When Emma O’Donnell posted a Tiktok video of her two-year-old attempting to lift her top to breastfeed, she didn’t imagine that many would take issue with it.
After all it was a jokey post. The caption was fun: “First rule of wean club: NEVER sit down!” It was about the trials and tribulations of weaning babies and toddlers off breast milk, which many mums are familiar with.
But such is the world we live in, where – as a mum and a woman – you’re damned if you do and damned if you don’t. The comments soon came flooding in from people who took extreme offence that a two-year-old child was still breastfeeding.
“He’s already got a job... he can buy his own drinks,” said one Tiktok user, boldly hiding behind a string of numbers as a username and no profile picture. “When does he leave for college?” asked another.
And then came the suggestions that this was anything but natural. “Oh my god... Sick,” said one user. “Don’t want to see this,” said another.
It was eye-opening for O’Donnell, who is based in Glasgow and goes by the name of A Mother’s Tale on Tiktok and Instagram. “I was shocked when I woke up this morning. My jaw was literally on the floor,” she said in a video responding to the backlash. “I cannot believe the hate I have woken up to.”
The parenting influencer pointed out that her son is just two years old and the World Health Organisation (WHO) guidance suggests babies should continue breastfeeding for up to two years – and beyond. “In fact,” she added, “in some cultures, they’ll feed until they’re seven.”
The mum added she’d been called “disgusting”, as well as being told she’s wrong and that she has “serious issues”.
“I actually had somebody messaging me telling me I should be locked up,” she said.
Mums face a lot of judgment, especially in the breastfeeding sphere. If you give up breastfeeding too early, you’re a terrible person. If you don’t give up ‘in time’, that’s even worse.
But why is there so much vitriol around the topic of extended breastfeeding?
It’s no secret some women choose to wean earlier than they want because of negative comments from friends and family members. In fact, a study on this found many women chose to begin hiding the practice of breastfeeding when their child turned one-and-a-half.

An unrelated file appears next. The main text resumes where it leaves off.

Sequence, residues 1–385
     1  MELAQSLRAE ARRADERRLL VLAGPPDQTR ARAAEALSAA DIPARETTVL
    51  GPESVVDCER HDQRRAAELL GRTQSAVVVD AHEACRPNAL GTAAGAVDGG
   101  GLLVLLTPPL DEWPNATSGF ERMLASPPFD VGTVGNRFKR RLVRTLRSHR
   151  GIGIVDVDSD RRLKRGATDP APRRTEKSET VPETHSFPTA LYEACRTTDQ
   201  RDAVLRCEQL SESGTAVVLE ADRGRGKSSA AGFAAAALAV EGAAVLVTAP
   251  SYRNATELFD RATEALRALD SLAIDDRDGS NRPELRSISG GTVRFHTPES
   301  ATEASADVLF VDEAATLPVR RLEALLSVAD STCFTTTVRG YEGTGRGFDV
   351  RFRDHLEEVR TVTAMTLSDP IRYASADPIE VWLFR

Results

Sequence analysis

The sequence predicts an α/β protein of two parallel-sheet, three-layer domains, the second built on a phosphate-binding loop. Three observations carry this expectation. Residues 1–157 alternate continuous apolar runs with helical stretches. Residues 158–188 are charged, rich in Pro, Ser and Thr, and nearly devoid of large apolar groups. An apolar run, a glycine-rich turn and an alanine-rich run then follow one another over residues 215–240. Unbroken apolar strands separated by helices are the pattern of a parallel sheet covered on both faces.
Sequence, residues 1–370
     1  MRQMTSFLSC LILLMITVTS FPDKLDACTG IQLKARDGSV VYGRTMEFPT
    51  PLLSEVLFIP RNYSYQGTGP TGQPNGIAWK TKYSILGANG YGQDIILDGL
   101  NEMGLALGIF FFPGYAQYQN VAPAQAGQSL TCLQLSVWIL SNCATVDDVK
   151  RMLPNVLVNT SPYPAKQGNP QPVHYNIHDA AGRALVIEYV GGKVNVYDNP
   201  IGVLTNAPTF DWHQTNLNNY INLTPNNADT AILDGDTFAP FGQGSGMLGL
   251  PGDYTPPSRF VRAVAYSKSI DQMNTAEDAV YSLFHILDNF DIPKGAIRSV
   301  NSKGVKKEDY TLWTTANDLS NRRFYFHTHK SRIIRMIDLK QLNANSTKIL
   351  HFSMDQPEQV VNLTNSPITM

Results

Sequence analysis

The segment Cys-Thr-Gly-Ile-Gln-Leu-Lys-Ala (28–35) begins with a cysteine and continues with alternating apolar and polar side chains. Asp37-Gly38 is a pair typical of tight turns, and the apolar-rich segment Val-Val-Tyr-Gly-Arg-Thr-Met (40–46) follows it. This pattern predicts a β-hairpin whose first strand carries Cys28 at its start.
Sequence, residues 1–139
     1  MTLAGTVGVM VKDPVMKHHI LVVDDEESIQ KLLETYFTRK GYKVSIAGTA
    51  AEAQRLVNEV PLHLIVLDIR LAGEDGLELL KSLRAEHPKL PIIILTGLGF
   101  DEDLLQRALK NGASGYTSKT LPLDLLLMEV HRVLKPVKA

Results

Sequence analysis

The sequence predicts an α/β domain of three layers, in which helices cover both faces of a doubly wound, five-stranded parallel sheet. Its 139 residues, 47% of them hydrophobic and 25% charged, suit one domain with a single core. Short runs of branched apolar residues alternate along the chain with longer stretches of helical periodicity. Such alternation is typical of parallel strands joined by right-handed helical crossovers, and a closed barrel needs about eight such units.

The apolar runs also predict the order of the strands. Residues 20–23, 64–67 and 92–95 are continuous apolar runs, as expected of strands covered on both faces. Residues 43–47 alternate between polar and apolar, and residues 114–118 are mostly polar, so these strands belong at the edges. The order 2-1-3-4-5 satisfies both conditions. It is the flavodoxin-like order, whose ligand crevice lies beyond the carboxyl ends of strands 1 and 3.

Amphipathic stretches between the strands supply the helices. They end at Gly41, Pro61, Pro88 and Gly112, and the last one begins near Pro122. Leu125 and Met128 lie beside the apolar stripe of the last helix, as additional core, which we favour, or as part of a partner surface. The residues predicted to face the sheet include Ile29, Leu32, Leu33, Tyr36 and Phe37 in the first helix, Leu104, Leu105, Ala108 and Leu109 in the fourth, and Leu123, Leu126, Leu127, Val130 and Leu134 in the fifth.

Mums have been accused of being selfish for continuing with breastfeeding “to lose weight, keep their bodies slim, keep their breasts big or even feel pleasure”, the study found.
And it’s not just randoms on the internet who are passing these kinds of judgements. Sometimes other mums can be just as bad.
One of the mums interviewed for the study expressed ‘furiousness’ when she talked about others who practised long-term breastfeeding. She mentioned a friend of hers was breastfeeding a four-year-old and said it was “disgusting”, “perverted”, and “downright incestuous”.
For lots of mums who do breastfeed past the age of one, it’s nice to simply have the choice to do so.
Many would disagree they’re doing it for selfish reasons. For some it’s often a case that they expect their child to simply want to stop – and when they don’t, they just carry on. For others, they might’ve spent months struggling to breastfeed in the beginning and are not quite ready for that to end yet. For others, they want their child to reap the health benefits of breastfeeding for longer.
And there are benefits. Breastfeeding past one not only provides them with valuable nutrients (in addition to the nutrients they’ll be getting from food at mealtimes) and antibodies, but according to WebMD, breastfeeding past a year has multiple benefits for the mother, too. From lowering breast and ovarian cancer risk to reducing the likelihood of high blood pressure, heart disease and diabetes.
As for O’Donnell, she’s clapped back to those who think there’s anything remotely wrong with extended breastfeeding. She concluded: “I’m sorry, but if you have issues with that video and you are sexualising the relationship between a mother and a two-year-old child... I’m not the one with the issues, love.”